Pope Francis points out that not only does the Good Samaritan help the man who has been robbed, he involves others in the community as well, notably at the nearby inn that could provide the help that he was personally unable to offer. He reminds us that those who reflect on the parable and try to follow its teaching can also seek others in the community to assist in lifting the great numbers of the marginalized who have been robbed of opportunities and left on the roadside. And the parable helps us to evaluate systems: “Sooner or later, we will all encounter a person who is suffering. Today there are more and more of them. The decision to include or exclude those lying wounded along the roadside can serve as a criterion for judging every economic, political, social and religious project.”

Will We Pursue the Thieves?

The Good Samaritan is a story of transcending boundaries of cultures and nationalities. It is a reflection on the possibility that the strangers among us may be the ones who rescue and succor those who have been robbed, who may bring their sense of responsibility and solidarity to a society where these have been abandoned. Francis comments: “We have seen, descending on our world, the dark shadows of neglect and violence in the service of petty interests of power, gain and division. The real question is this: will we abandon the injured man and run to take refuge from the violence, or will we pursue the thieves? Will the wounded man end up being the justification for our irreconcilable divisions, our cruel indifference?”

Francis applies the parable especially to migrants and refugees who are abandoned, but also those to those he calls existential foreigners and hidden exiles, “every brother or sister in need who, even though born in the same country,” has been abandoned and ignored.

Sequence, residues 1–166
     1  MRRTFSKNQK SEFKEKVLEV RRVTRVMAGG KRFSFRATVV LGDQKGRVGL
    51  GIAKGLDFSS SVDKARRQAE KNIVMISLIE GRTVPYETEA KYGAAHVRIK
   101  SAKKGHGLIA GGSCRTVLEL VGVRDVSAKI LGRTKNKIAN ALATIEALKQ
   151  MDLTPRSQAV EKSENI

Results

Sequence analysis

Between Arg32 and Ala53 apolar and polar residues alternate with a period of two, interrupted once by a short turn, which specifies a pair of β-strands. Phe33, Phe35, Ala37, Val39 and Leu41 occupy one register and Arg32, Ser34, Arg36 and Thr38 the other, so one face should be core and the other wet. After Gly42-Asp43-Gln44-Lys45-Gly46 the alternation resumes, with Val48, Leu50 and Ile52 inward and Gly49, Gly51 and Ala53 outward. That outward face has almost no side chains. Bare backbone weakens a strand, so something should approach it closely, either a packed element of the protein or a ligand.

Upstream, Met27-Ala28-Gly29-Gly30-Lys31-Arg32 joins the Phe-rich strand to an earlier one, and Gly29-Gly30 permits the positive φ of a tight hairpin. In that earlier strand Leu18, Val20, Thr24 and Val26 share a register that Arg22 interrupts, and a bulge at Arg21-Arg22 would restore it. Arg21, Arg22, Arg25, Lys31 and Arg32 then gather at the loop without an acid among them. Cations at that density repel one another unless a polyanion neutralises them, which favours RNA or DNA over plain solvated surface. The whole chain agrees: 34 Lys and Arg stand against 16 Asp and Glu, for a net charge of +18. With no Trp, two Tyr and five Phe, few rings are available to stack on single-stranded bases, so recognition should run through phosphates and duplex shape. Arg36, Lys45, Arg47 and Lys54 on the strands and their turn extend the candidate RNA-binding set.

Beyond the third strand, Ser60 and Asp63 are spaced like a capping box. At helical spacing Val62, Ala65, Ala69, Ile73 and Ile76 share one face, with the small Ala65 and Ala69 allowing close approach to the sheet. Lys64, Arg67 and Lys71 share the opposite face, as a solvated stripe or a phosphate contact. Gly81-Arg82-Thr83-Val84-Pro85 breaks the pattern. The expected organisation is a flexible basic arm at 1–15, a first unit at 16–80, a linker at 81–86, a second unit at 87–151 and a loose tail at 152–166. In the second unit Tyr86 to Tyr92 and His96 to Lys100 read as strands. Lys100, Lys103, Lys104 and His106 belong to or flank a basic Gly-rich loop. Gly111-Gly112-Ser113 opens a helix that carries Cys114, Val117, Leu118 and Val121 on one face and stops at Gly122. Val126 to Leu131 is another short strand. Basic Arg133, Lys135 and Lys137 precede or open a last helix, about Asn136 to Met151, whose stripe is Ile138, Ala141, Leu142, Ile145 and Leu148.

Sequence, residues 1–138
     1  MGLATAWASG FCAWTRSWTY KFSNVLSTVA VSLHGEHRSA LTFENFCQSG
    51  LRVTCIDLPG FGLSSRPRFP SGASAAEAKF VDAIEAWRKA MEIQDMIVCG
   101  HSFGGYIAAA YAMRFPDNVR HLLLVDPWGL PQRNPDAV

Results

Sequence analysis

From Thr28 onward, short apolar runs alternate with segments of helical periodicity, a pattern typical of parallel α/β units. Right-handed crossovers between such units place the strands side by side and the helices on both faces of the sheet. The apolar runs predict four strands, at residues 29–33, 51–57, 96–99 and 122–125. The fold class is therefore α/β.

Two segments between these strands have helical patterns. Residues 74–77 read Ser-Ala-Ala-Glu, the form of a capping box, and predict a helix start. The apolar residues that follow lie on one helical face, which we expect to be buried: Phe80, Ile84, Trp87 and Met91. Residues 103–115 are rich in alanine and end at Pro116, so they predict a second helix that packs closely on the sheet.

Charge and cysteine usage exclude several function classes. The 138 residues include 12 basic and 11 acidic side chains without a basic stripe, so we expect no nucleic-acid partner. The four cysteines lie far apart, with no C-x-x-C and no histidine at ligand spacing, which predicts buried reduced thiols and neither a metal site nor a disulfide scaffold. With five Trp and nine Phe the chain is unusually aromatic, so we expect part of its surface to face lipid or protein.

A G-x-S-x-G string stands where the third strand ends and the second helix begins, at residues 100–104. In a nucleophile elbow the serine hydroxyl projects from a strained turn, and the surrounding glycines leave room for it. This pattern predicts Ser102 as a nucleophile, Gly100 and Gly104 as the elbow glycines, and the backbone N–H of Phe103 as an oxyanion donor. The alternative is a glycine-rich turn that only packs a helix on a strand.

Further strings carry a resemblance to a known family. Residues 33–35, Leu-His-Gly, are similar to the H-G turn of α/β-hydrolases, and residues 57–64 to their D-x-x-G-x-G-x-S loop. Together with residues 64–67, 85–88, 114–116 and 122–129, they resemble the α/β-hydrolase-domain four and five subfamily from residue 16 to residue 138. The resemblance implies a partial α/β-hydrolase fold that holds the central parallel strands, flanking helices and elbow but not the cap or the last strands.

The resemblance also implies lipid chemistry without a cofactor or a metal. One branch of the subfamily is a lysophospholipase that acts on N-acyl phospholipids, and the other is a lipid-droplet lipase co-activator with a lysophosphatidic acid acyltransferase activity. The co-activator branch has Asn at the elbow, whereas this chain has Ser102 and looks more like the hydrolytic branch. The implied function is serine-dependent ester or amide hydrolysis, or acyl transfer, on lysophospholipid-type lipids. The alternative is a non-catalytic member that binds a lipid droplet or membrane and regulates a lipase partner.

Alternative To Trickle-Down Economics and War

We need the vision of hope that the Holy Father outlines in the latter part of the writing.  He makes us aware that while some economic policies have created what is called growth, the neoliberal theories of the marketplace invoked as magic to cure all ills, along with consumerist individualism, have instead led to great injustices and the marginalization of many people.

Some may dismiss the vision inspired by St. Francis of Assisi as otherworldly and impractical. Those who are bent on power and individualism seem unable to believe that the message of St. Francis (and the message of the Gospel) can address problems today.  Critics may not be aware that St. Francis, in his simple and direct way of living and preaching the Gospel, transformed the world and culture of his time without firing a shot.

It is no wonder that George Weigel, noted advocate of neoliberal economics and the magic thinking rejected by Pope Francis, does not accept either St. Francis of Assisi or Dorothy Day as part of the mainstream of the Church. These beloved saints asked us to live “a way of life marked by the flavor of the Gospel,” quite different from rugged individualism.

n his 1987 book Tranquillitas Ordinis, and in his later book, Freedom and its Discontents, Weigel accuses Dorothy Day of being sectarian, of abandoning the Catholic heritage. He places her with St. Francis of Assisi in “breaking with the mainstream tradition of American Catholicism and its view of the American experiment.” He presents Dorothy and St. Francis as having a dissenting opinion.

Weigel and others who follow his economics and politics, including those teaching in business departments of Catholic universities, seem to be more comfortable with Adam Smith, father of capitalism without restrictions, who was certainly not at the center of the Catholic tradition.

by Daniel Erlander

Pope Francis asks us not to be so discouraged by all the crises and the divisions and conflicts that we face that we fall into glum resignation. He asks us to build together a better world where work, some land, and opportunities are available to all. A world where lethal violence and war and the death penalty are understood to not be accepted in Catholic teaching.

May we take the many new paths of hope offered in this encyclical.

The encyclical is long and we cannot do justice to it here. Please read the full text, which is available at http://www.vatican.va/content/francesco/en/encyclicals/documents/papa-francesco_20201003_enciclica-fratelli-tutti.html


Houston Catholic Worker, October-December 2020, Vol. XL, No. 4.